inspector general of the intelligence community but now the president with the leaks and appears to have involve this communication, this phone call with the ukrainian president trying to say there's no big deal with it. i had a nice, lovely call with him. people need to wait and they need to let all of the information to come out before they render judgment on what happened here. >> okay. what is the responsibility of the justice department who got the complaint or the director of national intelligence or people in the -- like, what has to be done? when you say people have to wait, i agree with you. but from whom do we get this information? >> yeah. so the interesting thing here is normally speaking we would know nothing about the complaints. this mechanism, the process by which this come pro sesz is must be itted it is the intelligence community whistle-blower act. it's from the individual to the inspector general. if the inspector general finds it credible which happened here,
might remember that inspector general appointed by president trump, if that inspector general finds it credible it gets transmitted through the dni to the congressional committees. the information itself is still classified. the public generally knows nothing about these submissions but because something was done different here, because the dni got guidance from the doj and withheld the complaint from congress now we know what's going on and a political fight over how to handle this inherent tension of the two branches of government. >> what should happen? in a really good world that worked efficiently, what should now happen? >> the complaint like any other circumstance where it's validated sent to the house and senate intelligence committees. the individuals there who have access to it are still bound to maintain the sanctity of classified information. they were in violation if they leak the details to the public and violating federal law. but people, we have no idea who they are, probably from the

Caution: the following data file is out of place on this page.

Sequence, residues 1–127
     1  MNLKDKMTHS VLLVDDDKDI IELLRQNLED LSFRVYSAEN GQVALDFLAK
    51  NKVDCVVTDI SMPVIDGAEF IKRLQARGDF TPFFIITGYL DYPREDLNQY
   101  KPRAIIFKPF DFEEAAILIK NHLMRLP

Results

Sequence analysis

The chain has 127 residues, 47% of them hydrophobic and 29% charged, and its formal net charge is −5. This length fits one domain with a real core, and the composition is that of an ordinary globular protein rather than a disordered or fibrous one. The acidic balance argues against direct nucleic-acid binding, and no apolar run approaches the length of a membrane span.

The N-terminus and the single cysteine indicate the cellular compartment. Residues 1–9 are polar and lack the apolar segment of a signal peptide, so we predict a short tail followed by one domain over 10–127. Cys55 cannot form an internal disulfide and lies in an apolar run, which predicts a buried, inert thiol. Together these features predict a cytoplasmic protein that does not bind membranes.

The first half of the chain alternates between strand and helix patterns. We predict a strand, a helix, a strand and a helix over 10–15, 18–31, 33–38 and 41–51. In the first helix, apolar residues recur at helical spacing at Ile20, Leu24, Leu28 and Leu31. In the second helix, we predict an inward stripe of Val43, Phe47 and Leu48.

white house, national security council, leaking out the details to frame a narrative and none of the substance is confirmed yet because it's held secret and confidential by the whistle-blower. >> so this is the issue. the one thing that's been referred to about the whistle-blower is that president trump -- president tweet? that was not intended. the whistle-blower was highly partisan. we have now created a world in which everybody's looking for the whistle-blower and this whistle-blower has a scarlet letter for better or for worse for being partisan. that can't be a good thing. >> horrible. if this person is out, i know a lot of the media trying to figure out who this person is, their career in the intelligence community and the government itself is probably over. they didn't break any laws but they will have that scarlet letter on them. they'll never be employed again in the u.s. government and all they did was follow the law to raise the concern about what they saw.
they could have been the most partisan person on the planet. it doesn't matter. the statute doesn't care and the inspector general appointed by this president validated it. >> bradley moss, thank you for joining us. a national security attorney whose firm representing the whistle-blower who filed the initial complaint to the intelligence community's inspector general. all right. up next, may have dropped out of the 2020 presidential race but washington governor's push for climate change is living on with his former democratic rivals, many of whom channelling the policies and influence over the debate on climate change crisis. the governor joins me next. . plus, greta isn't the only young activist pushing for change. i'm going to talk to two students, one as young as 11 years old also here in new york to hold world leaders accountable. you're watching msnbc. ed for your home at a great price,
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climate change is literally the top of the agenda for the world leaders in new york u.n. general assembly. they spoke at the climate action summit and pledged to prevent more dangerous levels but they conceded that the efforts so far have not been enough. president trump was expected to skip the event but he didn't. he stopped by for about 15 minutes and the president saying cha it's a hoax was asked why he even showed up. >> big believer in clean air and
clean water and all countries should get together and do that. and they should do it for the themselves. very, very important. >> the u.n. summit comes days after a dozen democratic and one republican presidential candidate took part in climate forum 2020 at georgetown university in washington. they answered questions from chris hays and me and from college students from around the country about what they would do to fight climate change if they were in the white house. washington governor made climate change the central issue out campaign before dropping out last month. while he was not at the forum, his name came up a few times. >> what's the thing that it looks like to you to make sure that everybody understands that this is an emergency? >> well, first, head of a epa that believes in the epa and believes in climate change. that's day one. secretary of energy that has the same vision that i have, that our leader -- new leadership